Tech Revamp Hits Burberry Profits

Profits at Burberry Group dipped 4.9 percent last year as a result of costs related to the brand's technology overhaul, Project Atlas.

Rose Marie Bravo

Rose Marie Bravo

Photo By WWD Staff

LONDON — Profits at Burberry Group plc dipped 4.9 percent last year as a result of costs related to the brand's technology overhaul, Project Atlas.

Profits for the fiscal year ended March 31 fell to 106.4 million pounds, or $190.1 million, from 111.9 million pounds, or $206.6 million. Currency conversions were made at average exchange rates for the respective periods.

Before the Atlas-related costs, operating profits rose 2.7 percent to 165.6 million pounds, or $295.8 million, from 161.3 million pounds, or $297.8 million.

Turnover rose 3.8 percent to 742.9 million pounds, or $1.33 billion, from 715.5 million pounds, or $1.32 billion. The turnover figure, which had been released last month, has been slightly adjusted to reflect a change in the company's foreign currency translation method. From now on, the company will convert financial results every 30 days, based upon average exchange rates for each month.

"In a year of transition and investment, the group achieved solid financial results," said chief executive Rose Marie Bravo in a statement Thursday. "With a strong spring season underway, we enter our 150th year with confidence in Burberry's future."

It was Bravo's last round of financial results before she makes way for Burberry's new chief executive, Angela Ahrendts, in July.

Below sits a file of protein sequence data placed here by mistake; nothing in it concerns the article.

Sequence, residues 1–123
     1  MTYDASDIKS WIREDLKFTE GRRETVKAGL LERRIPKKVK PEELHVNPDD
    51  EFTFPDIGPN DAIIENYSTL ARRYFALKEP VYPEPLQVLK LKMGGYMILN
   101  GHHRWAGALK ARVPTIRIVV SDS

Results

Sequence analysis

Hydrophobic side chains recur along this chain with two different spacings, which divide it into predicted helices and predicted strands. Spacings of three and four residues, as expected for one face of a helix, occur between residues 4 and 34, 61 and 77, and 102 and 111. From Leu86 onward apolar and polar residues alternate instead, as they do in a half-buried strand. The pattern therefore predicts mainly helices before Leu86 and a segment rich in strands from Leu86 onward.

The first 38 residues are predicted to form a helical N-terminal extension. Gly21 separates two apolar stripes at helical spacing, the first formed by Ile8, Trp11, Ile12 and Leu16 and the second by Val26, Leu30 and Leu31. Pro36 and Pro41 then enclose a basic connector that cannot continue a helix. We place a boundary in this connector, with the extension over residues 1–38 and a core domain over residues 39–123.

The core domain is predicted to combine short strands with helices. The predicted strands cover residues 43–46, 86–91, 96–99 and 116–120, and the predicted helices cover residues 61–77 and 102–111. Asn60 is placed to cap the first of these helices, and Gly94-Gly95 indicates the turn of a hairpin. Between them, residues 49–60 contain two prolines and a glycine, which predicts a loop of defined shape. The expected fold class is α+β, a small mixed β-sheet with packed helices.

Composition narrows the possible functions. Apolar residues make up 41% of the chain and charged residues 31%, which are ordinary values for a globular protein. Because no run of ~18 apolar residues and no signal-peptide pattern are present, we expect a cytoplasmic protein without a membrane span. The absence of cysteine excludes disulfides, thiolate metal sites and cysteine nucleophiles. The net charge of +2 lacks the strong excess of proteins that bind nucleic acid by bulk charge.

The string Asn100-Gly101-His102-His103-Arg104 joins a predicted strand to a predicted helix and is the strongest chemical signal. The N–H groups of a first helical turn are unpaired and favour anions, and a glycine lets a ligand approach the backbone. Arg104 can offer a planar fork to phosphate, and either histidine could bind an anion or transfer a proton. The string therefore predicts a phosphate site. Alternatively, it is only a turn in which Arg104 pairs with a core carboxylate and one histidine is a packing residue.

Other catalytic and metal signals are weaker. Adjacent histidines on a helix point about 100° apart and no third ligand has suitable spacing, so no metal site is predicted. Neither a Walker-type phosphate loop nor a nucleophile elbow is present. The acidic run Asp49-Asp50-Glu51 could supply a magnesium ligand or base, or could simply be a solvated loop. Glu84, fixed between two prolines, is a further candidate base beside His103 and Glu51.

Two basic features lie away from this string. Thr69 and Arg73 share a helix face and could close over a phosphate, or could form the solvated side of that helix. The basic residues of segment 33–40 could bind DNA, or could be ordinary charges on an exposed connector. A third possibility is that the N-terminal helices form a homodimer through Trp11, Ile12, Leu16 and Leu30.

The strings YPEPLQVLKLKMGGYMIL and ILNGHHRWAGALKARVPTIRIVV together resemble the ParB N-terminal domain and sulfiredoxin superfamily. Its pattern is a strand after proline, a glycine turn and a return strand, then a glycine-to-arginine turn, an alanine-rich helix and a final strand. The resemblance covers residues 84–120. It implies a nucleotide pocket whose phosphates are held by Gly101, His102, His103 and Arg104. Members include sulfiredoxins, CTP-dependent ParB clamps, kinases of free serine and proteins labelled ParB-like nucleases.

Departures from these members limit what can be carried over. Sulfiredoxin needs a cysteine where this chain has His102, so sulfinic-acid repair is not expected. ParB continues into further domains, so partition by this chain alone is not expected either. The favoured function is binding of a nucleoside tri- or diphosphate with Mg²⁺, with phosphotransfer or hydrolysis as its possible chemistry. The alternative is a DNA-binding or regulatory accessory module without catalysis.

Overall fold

Stacey Cartwright, chief financial officer, said the latest numbers were on track. "Underlying profit for the year was actually up 5 percent, and the decline was just due to costs linked to the preparation and initiation of Project Atlas," said Cartwright, who has been spearheading the project.

"By October, we're going to have global sales and stock transparency — which we've never had before," she added. "We'll be able to have early visibility on sales and stock trends, and frankly, I can't wait."

As reported, Project Atlas foresees investment of some $94 million during the first three years, generating cost savings in excess of $37.4 million annually by the project's third year in 2007-2008.

In terms of guidance for the current fiscal year, Burberry said it was expecting a "significant" negative exchange rate comparison, due to the weakening dollar. Atlas expenses are expected to be approximately 19 million pounds, or $36 million at current exchange, with savings and benefits amounting to 6 million pounds, or $11.2 million, in the current year. Licensing revenue is expected to be broadly flat, while first-half wholesale sales are up a low-single-digit percentage.

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